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Grimoire

From Thelemapedia

Part of the Magick in Theory & Practice series.

This design for an amulet comes from the Black Pullet grimoire. Embroider it upon black satin, and say "Nades, Suradis, Maniner", and a djinn is supposed to appear; tell the djinn "Sader, Prostas, Solaster", and the djinn will bring you your true love. Say "Mammes, Laher" when you tire of her.
This design for an amulet comes from the Black Pullet grimoire. Embroider it upon black satin, and say "Nades, Suradis, Maniner", and a djinn is supposed to appear; tell the djinn "Sader, Prostas, Solaster", and the djinn will bring you your true love. Say "Mammes, Laher" when you tire of her.

A grimoire is a book of magical knowledge written between the late-medieval period and the 18th century. Such books contain astrological correspondences, lists of angels and demons, directions on casting charms and spells, on mixing medicines, summoning unearthly entities, and making talismans.

The word grimoire is from the Old French gramaire, and is from the same root as the word grammar. This is partly because, in the mid-late Middle Ages, Latin "grammars" (books on Latin syntax and diction) were foundational to school and university education, as controlled by the Church — while to the illiterate majority, non-ecclesiastical books were suspect as magic. But "grammar" also denoted, to literate and illiterate alike, a book of basic instruction.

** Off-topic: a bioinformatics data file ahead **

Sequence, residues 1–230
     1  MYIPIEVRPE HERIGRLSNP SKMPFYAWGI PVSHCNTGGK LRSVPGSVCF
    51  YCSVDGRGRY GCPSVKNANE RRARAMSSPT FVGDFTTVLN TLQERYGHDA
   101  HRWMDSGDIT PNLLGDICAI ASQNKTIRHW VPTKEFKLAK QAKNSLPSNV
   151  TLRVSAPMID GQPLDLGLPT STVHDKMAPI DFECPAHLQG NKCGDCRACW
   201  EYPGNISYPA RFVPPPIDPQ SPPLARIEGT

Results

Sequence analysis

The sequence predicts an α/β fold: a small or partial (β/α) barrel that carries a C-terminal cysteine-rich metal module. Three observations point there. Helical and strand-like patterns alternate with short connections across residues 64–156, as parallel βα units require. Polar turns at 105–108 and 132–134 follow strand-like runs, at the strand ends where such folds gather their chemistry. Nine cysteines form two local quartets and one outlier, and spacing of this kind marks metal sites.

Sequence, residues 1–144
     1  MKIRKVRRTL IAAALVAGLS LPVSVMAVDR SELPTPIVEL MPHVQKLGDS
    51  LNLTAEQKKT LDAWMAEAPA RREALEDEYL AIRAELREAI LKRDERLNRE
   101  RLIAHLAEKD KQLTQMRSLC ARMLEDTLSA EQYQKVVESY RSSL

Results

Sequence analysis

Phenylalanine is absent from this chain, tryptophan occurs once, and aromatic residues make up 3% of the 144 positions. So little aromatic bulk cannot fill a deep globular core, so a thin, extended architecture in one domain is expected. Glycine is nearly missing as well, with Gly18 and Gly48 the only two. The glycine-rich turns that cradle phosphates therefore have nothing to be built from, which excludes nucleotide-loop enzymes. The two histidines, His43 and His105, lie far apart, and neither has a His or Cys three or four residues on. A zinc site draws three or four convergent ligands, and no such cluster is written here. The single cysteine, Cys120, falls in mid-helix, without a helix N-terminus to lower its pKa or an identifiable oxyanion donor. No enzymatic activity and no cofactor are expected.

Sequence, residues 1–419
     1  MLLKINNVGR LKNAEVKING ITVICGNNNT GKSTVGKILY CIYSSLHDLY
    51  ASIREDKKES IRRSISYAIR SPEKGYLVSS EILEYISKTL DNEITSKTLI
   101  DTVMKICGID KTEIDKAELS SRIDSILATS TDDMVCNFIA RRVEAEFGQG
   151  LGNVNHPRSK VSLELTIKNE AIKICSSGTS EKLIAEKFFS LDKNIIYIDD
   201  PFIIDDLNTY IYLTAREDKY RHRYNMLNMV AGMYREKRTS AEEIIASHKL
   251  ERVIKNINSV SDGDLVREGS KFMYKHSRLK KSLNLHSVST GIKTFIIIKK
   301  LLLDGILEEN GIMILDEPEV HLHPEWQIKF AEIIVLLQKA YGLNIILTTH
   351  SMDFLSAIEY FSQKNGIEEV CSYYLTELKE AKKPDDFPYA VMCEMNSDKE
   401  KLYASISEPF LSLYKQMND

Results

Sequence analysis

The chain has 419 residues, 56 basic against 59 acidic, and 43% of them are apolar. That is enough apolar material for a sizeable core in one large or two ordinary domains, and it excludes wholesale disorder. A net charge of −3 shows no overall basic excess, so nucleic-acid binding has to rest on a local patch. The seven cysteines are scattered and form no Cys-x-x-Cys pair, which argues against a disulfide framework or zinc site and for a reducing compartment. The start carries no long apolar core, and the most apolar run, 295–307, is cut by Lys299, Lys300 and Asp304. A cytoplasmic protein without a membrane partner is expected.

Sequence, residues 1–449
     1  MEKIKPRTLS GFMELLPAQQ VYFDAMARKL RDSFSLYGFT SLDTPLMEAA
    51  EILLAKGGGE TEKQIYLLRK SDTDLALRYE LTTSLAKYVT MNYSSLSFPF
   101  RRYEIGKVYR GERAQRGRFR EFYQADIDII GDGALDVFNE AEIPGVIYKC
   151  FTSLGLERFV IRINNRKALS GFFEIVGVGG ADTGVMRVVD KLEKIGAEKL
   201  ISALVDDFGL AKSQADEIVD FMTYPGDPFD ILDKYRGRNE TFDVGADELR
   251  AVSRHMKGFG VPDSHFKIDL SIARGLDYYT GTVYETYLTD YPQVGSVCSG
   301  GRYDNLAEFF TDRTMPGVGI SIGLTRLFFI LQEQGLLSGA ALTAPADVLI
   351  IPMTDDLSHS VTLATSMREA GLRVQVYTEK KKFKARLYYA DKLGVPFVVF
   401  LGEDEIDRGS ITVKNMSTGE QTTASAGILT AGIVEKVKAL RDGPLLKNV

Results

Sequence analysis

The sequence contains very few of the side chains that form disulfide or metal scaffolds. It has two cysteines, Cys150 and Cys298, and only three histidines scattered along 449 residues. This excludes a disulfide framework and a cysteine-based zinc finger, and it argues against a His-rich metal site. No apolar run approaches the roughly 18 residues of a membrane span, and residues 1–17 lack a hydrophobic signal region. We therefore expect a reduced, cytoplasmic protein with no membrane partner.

Notable historical grimoires include:

In the late 19th century, several of these texts (including the Abra-Melin text and the Keys of Solomon) were reclaimed by neo-Masonic magical organizations such as the Hermetic Order of the Golden Dawn and the Ordo Templi Orientis. Aleister Crowley, a prime mover of both groups, then served as a vector for a number of modern movements, including Wicca, Satanism, and Chaos Magic.

A cottage industry has existed since the 19th century in selling false or carelessly-translated grimoires (many original texts are in French or Latin, and are quite rare), although faithful editions are available for most of the above titles.

A modern grimoire is the Necronomicon, named after a fictional book of magic in the stories of author H.P. Lovecraft, and inspired by Sumerian mythology and the Ars Goetia, a section in the Lesser Key of Solomon which concerns the summoning of demons.


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References



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This page has been accessed 12670 times. This page was last modified 07:21, 18 Nov 2005. Content is available under GNU Free Documentation License 1.2.


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